• Take possession of inventory and preserve the probate assets of the deceased.
  • Collect all income (such as rents, interest, and dividends), as well as demand and collect all debts (including claims and notes due).
  • Manage the decedent’s personal business.
  • Determine the names, ages, residences, and degrees of relationship of all heirs and closest relatives of the deceased.
  • Resolve pending lawsuits associated with the decedent (i.e., the estate).
  • Pay state and federal inheritance, estate, and income taxes.
  • Pay valid creditor claims.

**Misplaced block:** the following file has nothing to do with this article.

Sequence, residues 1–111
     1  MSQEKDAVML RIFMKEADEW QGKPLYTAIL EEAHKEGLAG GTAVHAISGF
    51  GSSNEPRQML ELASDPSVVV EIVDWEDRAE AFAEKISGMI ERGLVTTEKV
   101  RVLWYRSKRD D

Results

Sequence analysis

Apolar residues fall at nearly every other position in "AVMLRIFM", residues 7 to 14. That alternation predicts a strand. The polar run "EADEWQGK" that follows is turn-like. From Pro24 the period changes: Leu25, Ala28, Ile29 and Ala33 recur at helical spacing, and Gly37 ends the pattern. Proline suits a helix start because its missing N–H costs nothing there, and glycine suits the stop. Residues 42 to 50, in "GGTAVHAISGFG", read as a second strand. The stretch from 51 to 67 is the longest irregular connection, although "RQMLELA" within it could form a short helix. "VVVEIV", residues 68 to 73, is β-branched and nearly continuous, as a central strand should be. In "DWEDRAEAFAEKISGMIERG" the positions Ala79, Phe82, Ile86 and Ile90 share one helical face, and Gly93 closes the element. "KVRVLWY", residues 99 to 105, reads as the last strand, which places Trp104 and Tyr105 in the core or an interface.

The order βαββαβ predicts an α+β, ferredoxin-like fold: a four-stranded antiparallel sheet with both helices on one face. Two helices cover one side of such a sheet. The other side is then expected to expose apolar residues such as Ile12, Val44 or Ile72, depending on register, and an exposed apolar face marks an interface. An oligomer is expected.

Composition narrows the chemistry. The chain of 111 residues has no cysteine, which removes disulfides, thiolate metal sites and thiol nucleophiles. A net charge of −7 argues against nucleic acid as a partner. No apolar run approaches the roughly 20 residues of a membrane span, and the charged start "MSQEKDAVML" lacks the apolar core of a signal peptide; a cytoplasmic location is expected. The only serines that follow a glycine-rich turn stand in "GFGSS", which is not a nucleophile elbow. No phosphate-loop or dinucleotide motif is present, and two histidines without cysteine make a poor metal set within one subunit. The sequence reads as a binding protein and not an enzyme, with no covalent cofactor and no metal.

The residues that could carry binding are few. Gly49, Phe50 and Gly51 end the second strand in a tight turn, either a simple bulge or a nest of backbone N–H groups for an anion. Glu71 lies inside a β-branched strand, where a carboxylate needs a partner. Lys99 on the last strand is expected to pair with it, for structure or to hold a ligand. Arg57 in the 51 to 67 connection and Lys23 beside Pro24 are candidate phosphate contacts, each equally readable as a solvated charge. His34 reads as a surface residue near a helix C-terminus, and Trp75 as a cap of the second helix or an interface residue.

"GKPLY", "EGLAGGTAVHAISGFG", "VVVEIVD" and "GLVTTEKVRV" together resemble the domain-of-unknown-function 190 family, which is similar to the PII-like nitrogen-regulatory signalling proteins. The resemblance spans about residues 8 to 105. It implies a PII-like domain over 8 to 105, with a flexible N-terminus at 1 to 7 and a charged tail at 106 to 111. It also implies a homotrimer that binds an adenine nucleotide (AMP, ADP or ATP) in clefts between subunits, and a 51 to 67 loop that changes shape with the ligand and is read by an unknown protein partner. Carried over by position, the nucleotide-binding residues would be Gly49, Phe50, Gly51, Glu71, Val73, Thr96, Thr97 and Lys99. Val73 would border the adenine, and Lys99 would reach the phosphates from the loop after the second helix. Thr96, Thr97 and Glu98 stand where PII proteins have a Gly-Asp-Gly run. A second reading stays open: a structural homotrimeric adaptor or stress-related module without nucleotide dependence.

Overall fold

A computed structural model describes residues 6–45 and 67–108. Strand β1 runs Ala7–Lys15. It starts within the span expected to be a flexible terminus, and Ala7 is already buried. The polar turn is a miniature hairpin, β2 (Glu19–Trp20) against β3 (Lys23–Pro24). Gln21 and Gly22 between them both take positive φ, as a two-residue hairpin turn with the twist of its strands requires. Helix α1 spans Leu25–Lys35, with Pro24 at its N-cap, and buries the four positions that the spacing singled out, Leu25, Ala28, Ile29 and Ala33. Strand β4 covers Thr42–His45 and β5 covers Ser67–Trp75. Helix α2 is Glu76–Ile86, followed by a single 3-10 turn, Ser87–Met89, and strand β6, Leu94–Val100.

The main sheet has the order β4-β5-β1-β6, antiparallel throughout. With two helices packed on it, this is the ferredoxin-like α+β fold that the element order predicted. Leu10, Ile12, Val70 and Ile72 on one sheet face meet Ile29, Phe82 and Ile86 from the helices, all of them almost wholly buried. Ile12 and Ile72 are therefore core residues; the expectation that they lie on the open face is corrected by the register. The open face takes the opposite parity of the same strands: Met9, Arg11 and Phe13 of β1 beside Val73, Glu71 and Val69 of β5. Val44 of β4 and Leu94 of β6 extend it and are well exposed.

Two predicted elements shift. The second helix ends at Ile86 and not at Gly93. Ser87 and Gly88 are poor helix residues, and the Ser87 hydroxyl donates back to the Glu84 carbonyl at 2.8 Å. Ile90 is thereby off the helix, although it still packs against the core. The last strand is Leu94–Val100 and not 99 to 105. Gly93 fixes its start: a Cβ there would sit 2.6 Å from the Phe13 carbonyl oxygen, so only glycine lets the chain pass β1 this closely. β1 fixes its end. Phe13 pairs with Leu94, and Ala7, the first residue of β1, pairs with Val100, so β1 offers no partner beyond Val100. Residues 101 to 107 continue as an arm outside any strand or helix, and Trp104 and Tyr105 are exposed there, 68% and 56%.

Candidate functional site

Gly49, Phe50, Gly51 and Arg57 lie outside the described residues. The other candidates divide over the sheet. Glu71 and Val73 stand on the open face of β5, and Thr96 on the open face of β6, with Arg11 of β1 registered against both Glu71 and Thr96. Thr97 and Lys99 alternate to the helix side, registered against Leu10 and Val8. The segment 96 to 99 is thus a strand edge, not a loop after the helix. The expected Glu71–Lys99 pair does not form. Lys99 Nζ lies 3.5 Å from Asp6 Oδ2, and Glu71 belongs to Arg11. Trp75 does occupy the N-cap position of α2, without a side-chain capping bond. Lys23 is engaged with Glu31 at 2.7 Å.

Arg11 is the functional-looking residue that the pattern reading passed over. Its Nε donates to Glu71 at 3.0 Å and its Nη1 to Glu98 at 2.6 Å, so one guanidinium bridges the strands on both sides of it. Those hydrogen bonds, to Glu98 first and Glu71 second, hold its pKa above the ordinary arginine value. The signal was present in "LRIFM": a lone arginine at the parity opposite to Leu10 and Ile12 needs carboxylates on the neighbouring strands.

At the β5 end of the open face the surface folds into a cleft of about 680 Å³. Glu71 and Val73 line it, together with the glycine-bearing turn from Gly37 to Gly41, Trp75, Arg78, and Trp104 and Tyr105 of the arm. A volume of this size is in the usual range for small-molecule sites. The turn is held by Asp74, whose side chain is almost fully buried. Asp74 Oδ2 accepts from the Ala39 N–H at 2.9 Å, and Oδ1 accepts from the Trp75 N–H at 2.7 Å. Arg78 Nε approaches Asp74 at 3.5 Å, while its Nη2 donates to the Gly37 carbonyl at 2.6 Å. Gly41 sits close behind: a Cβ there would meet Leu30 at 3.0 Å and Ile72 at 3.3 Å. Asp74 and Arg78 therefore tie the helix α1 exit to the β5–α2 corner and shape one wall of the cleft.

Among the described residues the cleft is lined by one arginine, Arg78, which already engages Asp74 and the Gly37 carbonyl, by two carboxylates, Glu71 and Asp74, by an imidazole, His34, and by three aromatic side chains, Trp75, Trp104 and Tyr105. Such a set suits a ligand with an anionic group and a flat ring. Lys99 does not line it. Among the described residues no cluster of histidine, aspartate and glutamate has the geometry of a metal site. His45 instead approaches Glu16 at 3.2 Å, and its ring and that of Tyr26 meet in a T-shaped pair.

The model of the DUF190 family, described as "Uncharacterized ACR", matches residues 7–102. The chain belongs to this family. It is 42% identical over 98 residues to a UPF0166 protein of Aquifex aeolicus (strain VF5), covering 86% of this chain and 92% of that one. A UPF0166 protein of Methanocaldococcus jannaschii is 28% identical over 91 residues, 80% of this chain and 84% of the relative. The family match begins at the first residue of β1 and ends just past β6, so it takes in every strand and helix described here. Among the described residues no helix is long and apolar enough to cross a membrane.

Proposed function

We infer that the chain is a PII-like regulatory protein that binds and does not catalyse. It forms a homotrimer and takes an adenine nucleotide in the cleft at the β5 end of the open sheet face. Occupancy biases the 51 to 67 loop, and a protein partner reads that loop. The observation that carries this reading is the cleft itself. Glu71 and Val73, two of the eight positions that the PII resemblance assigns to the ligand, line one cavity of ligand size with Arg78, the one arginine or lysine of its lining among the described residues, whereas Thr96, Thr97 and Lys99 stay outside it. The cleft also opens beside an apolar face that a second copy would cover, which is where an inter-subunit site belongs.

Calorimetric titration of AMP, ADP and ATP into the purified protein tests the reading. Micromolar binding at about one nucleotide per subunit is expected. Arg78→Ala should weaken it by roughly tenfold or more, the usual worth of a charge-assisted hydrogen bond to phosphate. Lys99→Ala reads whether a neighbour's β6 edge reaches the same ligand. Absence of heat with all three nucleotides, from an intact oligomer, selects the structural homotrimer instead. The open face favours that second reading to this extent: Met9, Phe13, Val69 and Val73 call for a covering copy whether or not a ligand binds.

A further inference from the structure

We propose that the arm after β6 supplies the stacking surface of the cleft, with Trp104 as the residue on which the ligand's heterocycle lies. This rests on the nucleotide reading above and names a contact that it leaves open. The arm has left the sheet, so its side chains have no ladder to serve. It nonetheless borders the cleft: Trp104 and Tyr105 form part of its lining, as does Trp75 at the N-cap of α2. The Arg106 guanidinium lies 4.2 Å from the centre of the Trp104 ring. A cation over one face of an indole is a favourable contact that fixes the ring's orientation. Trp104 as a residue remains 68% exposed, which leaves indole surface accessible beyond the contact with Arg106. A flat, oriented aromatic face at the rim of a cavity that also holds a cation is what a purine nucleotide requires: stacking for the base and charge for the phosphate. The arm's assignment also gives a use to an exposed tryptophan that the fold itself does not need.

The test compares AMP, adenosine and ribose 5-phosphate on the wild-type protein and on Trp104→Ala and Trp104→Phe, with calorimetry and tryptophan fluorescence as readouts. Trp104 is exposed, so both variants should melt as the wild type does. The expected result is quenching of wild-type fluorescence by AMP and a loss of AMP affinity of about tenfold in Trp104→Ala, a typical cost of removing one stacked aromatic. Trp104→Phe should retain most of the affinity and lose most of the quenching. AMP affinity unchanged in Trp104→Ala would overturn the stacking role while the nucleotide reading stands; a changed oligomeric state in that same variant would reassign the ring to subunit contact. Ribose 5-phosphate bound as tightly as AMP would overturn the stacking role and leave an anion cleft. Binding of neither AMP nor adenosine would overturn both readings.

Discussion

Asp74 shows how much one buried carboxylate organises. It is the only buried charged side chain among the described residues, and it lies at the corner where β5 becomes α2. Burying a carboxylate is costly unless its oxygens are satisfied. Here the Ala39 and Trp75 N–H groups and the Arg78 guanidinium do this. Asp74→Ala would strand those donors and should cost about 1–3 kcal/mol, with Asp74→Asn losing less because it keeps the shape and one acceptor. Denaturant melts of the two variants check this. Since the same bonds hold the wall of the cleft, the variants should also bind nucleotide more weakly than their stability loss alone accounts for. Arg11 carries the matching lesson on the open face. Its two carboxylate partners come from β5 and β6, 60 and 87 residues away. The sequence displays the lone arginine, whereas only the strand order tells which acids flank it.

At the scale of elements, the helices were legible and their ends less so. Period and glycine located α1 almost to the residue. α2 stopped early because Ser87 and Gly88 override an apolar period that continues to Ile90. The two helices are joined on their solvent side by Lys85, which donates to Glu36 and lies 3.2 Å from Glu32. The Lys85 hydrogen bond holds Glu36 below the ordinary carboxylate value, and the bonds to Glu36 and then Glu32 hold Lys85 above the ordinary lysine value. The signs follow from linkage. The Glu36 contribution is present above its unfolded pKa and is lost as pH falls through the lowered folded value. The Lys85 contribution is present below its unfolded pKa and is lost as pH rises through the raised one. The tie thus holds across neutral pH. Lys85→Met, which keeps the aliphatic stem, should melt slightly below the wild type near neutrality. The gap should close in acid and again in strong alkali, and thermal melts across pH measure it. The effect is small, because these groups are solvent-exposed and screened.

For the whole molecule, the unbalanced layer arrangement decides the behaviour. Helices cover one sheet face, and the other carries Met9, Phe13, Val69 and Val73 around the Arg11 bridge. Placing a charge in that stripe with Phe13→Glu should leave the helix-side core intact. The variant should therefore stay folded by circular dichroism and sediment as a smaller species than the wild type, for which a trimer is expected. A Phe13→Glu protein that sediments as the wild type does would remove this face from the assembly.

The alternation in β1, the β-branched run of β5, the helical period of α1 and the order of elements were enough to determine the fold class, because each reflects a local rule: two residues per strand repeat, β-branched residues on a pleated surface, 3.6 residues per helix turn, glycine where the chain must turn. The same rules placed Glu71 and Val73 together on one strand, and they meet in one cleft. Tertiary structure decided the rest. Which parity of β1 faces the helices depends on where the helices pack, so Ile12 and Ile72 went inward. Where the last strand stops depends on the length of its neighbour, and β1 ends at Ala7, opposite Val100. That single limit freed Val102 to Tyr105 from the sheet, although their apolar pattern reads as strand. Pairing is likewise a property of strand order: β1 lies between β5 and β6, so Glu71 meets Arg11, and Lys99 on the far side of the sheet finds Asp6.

• Manage the sale of real property.
  • Transfer the decedent’s title to titled property for heirs.
  • Distribute assets to valid heirs.

Does a will have to be probated?
No. Probate can be avoided if:

  • No one disputes your will, and/or how your assets and property are to be distributed,
  • Your Estate does not have any real estate, or has real estate held in joint tenancy with Right of Survivorship,
  • Surviving beneficiaries are named for insurance policies,
  • Surviving beneficiaries are named for investment and bank accounts, or these accounts are held jointly,
  • All debts, bills, creditors, etc are settled or paid.

For additional information on wills, probate, and other issues of importance to seniors in Iowa, call the Legal Hotline at 1-800-992-8161.

Click Here for Iowa Inheritance Advance Info and an Inheritance Advance Account Manager.